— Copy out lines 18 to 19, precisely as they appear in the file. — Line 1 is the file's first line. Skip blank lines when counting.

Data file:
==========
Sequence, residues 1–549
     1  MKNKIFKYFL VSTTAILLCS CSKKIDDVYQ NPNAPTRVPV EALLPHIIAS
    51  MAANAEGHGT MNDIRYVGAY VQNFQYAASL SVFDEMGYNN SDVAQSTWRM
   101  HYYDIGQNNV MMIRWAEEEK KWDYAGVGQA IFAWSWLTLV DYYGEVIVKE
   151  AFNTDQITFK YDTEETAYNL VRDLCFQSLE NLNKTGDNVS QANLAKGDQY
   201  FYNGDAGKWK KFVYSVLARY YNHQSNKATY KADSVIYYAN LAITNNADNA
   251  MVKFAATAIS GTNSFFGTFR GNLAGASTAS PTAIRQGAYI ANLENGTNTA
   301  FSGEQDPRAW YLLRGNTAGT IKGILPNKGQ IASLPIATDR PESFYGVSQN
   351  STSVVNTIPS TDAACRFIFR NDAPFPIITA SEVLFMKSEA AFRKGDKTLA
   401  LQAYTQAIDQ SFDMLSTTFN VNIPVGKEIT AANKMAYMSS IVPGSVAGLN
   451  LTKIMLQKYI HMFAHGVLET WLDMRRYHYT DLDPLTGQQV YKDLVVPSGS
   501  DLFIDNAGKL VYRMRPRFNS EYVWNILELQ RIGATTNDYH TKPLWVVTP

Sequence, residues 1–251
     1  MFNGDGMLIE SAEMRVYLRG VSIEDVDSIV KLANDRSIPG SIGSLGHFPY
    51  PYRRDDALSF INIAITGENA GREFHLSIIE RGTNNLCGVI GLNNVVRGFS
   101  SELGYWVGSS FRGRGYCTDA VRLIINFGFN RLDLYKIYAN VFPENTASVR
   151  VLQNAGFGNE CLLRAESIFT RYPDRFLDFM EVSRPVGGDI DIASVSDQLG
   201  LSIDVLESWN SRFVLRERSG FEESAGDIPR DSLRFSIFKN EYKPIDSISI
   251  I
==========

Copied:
   201  LSIDVLESWN SRFVLRERSG FEESAGDIPR DSLRFSIFKN EYKPIDSISI
   251  I